This is a collection of answers to FAQ and valuable worker resources on labor law, community groups, and government agencies serving workers. Have a question that is not listed here? Contact our workers’ rights hotline at 607-269-0409!
My employer hasn’t given me a W2 and I still need to file my taxes, is there another way to get it?
If you find yourself deep into February without your W-2, it’s time to get the IRS involved. If your efforts to get a copy from your employer have proved fruitless, call the IRS toll-free at 800-829-1040. During that call you’ll need:
- Your name, address, phone number, and Social Security number;
- your employer’s name, address, and phone number;
- the dates you worked for the employer;
- an estimate of your wages and federal income tax withheld last year; and
- your last pay stub of the tax year should have these amounts.
Source: Nerd Wallet
Under what circumstances may I be classified as an “exempt” employee?
All exempt employees in New York must be paid at least $980/week, in addition to passing the duties test under one of the following exemptions. An exempt employee may perform some non-exempt duties as long as their primary (majority) duties are exempt.
- The employee must customarily and regularly direct the work of at least two or more other full-time employees or their equivalent; and
- The employee must have the authority to hire or fire other employees, or the employee’s suggestions and recommendations as to the hiring, firing, advancement, promotion, or any other change of status of other employees must be given particular weight
- The employee’s primary duty must be the performance of office or non-manual work directly related to the management or general business operations of the employer or the employer’s customers; and
- The employee’s primary duty includes the exercise of discretion and independent judgment with respect to matters of significance.
- The employee’s primary duty must be the performance of work requiring advanced knowledge, defined as work that is predominantly intellectual in character and which includes work requiring the consistent exercise of discretion and judgment;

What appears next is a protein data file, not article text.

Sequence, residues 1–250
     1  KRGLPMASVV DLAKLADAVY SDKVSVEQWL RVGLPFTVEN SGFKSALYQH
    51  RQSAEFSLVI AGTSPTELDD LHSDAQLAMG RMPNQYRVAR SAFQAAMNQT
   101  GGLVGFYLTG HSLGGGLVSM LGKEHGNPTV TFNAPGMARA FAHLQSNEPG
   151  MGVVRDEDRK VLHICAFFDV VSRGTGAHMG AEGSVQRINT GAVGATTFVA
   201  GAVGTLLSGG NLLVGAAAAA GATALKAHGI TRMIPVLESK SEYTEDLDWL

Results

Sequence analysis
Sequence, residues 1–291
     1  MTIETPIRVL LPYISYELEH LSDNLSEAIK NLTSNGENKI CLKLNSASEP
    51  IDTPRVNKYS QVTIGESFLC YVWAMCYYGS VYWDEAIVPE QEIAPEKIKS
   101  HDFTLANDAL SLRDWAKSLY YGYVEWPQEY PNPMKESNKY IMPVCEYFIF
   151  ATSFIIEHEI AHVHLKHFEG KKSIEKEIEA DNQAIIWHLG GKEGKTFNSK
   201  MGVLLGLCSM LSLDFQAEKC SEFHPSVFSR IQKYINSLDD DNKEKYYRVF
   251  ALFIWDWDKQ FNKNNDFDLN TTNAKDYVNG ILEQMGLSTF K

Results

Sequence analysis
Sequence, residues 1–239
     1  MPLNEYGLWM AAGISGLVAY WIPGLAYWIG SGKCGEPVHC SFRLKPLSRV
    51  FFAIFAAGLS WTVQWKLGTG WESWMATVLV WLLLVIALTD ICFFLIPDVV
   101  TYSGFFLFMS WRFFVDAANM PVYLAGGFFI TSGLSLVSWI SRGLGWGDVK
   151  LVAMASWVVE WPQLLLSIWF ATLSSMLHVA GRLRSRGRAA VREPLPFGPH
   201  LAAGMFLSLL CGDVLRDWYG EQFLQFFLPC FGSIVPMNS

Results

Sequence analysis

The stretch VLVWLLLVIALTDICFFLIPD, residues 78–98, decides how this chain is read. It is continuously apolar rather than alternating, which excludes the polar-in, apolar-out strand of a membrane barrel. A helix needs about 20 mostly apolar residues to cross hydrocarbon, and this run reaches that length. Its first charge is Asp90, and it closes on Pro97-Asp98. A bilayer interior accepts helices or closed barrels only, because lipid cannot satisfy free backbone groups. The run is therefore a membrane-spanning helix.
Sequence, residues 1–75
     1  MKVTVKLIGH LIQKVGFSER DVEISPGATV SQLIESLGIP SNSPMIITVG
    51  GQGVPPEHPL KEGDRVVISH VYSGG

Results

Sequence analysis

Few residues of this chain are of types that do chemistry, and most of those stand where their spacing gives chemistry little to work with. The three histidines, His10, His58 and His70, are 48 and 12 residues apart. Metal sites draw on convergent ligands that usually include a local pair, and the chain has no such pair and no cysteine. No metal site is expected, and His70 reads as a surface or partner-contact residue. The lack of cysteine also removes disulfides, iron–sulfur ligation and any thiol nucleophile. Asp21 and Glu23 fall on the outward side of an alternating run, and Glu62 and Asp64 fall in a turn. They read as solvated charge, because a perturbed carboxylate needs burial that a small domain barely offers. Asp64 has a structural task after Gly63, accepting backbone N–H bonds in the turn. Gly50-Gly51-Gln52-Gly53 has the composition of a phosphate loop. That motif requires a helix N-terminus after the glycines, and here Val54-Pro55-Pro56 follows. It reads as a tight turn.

- The advanced knowledge must be in a field of science or learning; and
- The advanced knowledge must be customarily acquired by a prolonged course of specialized intellectual instruction.
- The employee’s primary duty must be the performance of work requiring invention, imagination, originality or talent in a recognized field of artistic or creative endeavor
Computer Employee Exemption:
- The employee must be employed as a computer systems analyst, computer programmer, software engineer, or another similarly skilled worker in the computer field performing the duties described below. The employee’s primary duty must consist of:
- The application of systems analysis techniques and procedures, including consulting with users, to determine hardware, software, or system functional specifications;
- The design, development, documentation, analysis, creation, testing, or modification of computer systems or programs, including prototypes, based on and related to user or system design specifications;
- The design, documentation, testing, creation, or modification of computer programs related to machine operating systems; or
- A combination of the aforementioned duties, the performance of which requires the same level of skills.
Outside Sales Exemption:
- The employee’s primary duty must be making sales (as defined in the FLSA), or obtaining orders or contracts for services or for the use of facilities for which a consideration will be paid by the client or customer; and
- The employee must be customarily and regularly engaged away from the employer’s place or places of business.
Highly Compensated Employee Exemption:
Highly compensated employees performing office or non-manual work and paid total annual compensation of $107,432 or more (which must include at least $913* per week paid on a salary or fee basis) are exempt from the FLSA if they customarily and regularly perform at least one of the duties of an exempt executive, administrative or professional employee identified in the standard tests for exemption.
Source: US DOL
I am a per diem nurse. Can my employer force me to work longer than my scheduled, agreed-upon shift?
No. The law prohibits a health care employer from requiring a nurse to work overtime beyond the predetermined number of hours a nurse:
- Has agreed to work
- Is normally scheduled to work
Regularly scheduled hours may include:
- Prescheduled on-call time
- Time spent communicating shift reports on patient status needed to ensure patient safety
However, employers may NOT substitute on-call time for mandatory overtime. We consider on-call time as time spent working for purposes of determining whether a health care employer has required a nurse to work overtime.
Source: NYS DOL